Sri Lanka's Rajapaksa denies 'coup attempt'

Former president dismisses government claims that he tried to remain in office after losing last week's election.

    Sri Lanka's Rajapaksa denies 'coup attempt'
    Rajapaksa urged voters to back 'the devil they know' but lost the presidency to Sirisena [Reuters]

    Sri Lanka's former president Mahinda Rajapaksa has denied government allegations that he attempted to remain in office after it became clear that he had lost last week's election.

    In comments published on Twitter as Pope Francis landed on the island, Rajapaksa insisted he had readily accepted "the people's verdict" in what was his first reaction to last Thursday's polls.

    Top aides of new President Maithripala Sirisena have alleged the veteran politician tried to cling to power in the early hours of Friday by urging the island's army and police chiefs to deploy the security forces.

    But Rajapaksa wrote: "I deny in all possible terms reports of attempts to use the military to influence election results.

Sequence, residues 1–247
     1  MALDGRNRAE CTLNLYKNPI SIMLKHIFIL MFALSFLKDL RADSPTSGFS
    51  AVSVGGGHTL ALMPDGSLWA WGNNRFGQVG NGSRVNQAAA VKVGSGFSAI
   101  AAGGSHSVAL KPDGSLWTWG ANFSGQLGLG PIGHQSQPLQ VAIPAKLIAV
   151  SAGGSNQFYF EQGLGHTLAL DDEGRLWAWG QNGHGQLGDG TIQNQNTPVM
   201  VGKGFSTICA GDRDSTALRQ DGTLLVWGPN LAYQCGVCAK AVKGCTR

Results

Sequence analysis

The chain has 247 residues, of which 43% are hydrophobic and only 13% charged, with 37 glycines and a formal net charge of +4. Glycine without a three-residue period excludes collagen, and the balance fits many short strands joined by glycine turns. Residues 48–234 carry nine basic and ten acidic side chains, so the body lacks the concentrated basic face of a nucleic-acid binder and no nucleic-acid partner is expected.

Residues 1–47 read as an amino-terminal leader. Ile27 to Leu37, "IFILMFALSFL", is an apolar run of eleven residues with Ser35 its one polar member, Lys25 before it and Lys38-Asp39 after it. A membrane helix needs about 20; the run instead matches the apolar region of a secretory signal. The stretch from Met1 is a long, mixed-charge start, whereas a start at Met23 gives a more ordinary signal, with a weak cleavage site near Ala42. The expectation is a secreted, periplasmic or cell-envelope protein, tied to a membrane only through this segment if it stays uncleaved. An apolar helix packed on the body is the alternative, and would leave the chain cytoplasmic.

"I accepted the outcome long before the final official results were released and congratulated the new president," he said.

    The 69-year-old, who came to power in a 2005 presidential election, added that he had "always bowed down to the people's verdict".

    Investigation

    Sirisena's new administration has pledged to make an investigation into what it has called "the coup and conspiracy" one of its top priorities. It has also ordered the sacking of hundreds of Rajapaksa-appointed officials, the AFP news agency reported.

    Although the military has not confirmed an approach from Rajapaksa's camp in the hours before the final results were announced, Sirisena's top lieutenants have said there was clear evidence of a conspiracy.

    Rajapaksa, who had been South Asia's longest-serving leader, had initially been widely praised for conceding defeat to Sirisena before the final results were announced.

    But Mangala Samaraweera, who has been appointed as Sirisena's foreign minister, has said "it was anything but" a peaceful transition.

    "He stepped down only when the army chief and the police inspector general refused to go along with him," he charged at the weekend.

    SOURCE: AFP


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